Though the car detected it needed to make an emergency braking maneuver 1.3 seconds before it struck the pedestrian who later died of her injuries, the system doesn't alert the driver to take control of the vehicle.

 

 

 

Source: Techradar

 

 

 

Sounds to me like it was Ubers fault and not a fault of the Volvo or its security systems. Disabling important security systems and not properly implementing them into the self driving functionality is a pretty big human mistake.

 

From what I have read about self driving cars, and from what I have seen of Googles implementation, the cars are a lot more careful in sketchy situations than humans would be, and they are able to pick up everything happening around the car. They will do a lot better in terms of safety than any human ever would be able to.

 

But I am pretty sure there will be bugs and mistakes, and that there will be a long time before its allowed to function fully autonomously on public roads. And thats more to do with culture than it has to do with technology.





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  Reply # 2191439 5-Mar-2019 16:59
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jarledb:

 

From what I have read about self driving cars, and from what I have seen of Googles implementation, the cars are a lot more careful in sketchy situations than humans would be, and they are able to pick up everything happening around the car. They will do a lot better in terms of safety than any human ever would be able to.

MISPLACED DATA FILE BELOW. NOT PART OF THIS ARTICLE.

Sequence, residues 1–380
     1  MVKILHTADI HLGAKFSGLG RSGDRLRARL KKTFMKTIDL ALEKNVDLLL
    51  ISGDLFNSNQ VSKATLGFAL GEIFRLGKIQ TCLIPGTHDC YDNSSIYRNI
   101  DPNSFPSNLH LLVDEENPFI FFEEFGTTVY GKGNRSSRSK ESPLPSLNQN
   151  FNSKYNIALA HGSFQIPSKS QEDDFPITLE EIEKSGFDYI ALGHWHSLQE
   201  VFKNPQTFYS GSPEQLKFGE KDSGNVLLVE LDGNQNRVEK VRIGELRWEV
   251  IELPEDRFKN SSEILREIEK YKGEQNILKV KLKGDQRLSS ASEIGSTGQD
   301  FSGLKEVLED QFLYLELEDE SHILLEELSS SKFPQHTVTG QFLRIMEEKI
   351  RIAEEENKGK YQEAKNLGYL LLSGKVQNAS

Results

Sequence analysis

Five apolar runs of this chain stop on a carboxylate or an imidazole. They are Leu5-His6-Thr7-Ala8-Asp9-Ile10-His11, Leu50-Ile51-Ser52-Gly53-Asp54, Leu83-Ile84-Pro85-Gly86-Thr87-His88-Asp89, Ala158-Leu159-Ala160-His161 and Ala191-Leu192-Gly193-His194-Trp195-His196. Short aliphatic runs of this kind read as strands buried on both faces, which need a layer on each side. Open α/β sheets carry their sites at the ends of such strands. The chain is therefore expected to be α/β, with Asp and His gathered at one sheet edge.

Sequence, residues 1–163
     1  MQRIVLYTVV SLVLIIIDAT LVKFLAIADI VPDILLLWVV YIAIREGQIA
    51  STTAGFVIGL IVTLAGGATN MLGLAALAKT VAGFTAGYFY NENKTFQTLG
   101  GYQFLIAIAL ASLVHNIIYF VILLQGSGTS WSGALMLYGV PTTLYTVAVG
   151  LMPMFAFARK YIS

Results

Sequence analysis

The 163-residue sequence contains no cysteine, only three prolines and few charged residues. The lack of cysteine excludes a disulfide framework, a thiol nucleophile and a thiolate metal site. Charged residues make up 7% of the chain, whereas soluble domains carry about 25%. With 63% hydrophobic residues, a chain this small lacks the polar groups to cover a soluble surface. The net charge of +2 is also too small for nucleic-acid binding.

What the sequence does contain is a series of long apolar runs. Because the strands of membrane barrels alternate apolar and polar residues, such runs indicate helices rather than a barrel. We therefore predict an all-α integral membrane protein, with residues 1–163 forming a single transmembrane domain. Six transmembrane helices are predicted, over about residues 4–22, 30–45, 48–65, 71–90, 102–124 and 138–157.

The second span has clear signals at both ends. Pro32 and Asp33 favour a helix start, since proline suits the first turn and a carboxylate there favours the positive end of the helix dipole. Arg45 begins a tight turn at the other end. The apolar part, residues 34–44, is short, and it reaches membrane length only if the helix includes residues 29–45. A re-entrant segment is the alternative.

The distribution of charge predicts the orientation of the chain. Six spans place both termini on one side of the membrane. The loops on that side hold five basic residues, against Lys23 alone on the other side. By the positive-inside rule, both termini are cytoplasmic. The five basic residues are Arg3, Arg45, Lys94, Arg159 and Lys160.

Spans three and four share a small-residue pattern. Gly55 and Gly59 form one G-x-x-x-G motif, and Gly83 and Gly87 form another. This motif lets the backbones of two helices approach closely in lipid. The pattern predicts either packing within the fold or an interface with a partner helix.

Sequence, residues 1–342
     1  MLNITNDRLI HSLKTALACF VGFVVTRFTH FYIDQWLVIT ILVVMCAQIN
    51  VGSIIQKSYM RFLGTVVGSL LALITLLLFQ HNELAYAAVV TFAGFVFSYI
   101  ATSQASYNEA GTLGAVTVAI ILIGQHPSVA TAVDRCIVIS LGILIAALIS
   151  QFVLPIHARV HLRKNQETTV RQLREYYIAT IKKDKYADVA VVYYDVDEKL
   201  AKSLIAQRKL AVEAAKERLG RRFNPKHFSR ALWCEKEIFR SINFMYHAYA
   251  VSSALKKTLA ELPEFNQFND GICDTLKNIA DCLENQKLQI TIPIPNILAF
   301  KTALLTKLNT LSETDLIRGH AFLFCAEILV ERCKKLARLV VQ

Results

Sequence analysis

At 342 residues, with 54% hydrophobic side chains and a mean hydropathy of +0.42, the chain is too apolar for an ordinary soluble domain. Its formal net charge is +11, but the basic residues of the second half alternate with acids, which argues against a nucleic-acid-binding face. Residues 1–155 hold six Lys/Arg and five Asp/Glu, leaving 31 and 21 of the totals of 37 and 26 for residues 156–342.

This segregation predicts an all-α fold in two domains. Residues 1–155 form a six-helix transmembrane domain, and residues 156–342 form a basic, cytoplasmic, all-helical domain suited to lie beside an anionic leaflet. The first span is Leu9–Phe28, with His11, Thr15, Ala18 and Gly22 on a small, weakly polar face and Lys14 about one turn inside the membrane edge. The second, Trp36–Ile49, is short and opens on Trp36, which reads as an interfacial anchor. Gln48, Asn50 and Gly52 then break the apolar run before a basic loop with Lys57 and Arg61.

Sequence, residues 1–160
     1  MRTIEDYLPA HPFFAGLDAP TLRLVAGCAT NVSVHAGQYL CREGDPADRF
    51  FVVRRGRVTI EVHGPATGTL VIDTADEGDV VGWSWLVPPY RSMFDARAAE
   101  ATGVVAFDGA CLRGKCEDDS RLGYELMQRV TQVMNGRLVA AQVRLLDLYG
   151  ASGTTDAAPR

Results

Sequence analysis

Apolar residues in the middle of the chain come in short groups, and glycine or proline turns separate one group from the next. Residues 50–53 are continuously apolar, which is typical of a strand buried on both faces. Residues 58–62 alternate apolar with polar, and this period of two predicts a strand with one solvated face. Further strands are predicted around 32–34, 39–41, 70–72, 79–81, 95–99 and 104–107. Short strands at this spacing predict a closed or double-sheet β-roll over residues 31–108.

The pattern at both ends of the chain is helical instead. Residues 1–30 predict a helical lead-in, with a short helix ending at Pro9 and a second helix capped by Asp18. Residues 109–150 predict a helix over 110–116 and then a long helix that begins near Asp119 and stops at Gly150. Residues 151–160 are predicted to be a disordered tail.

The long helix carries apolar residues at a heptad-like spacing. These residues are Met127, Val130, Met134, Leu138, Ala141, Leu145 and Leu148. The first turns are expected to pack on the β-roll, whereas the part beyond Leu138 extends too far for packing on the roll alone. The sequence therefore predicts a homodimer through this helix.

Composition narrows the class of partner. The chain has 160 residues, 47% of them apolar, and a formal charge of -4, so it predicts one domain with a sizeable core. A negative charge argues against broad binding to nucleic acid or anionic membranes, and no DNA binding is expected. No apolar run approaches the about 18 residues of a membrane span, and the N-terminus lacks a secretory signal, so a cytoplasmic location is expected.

The problems with Autonomous vehicles are not the situations were they need to follow to rules, its the situations where they need to break the rules...

 

Having an algorithm to work that out is hard.... really, really hard...

 

 


 
 
 
 


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  Reply # 2191440 5-Mar-2019 17:04
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wellygary:

 

The problems with Autonomous vehicles are not the situations were they need to follow to rules, its the situations where they need to break the rules...

 

Having an algorithm to work that out is hard.... really, really hard...

 

 

Do you have an example of such a problem?





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  Reply # 2191454 5-Mar-2019 17:48
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jarledb: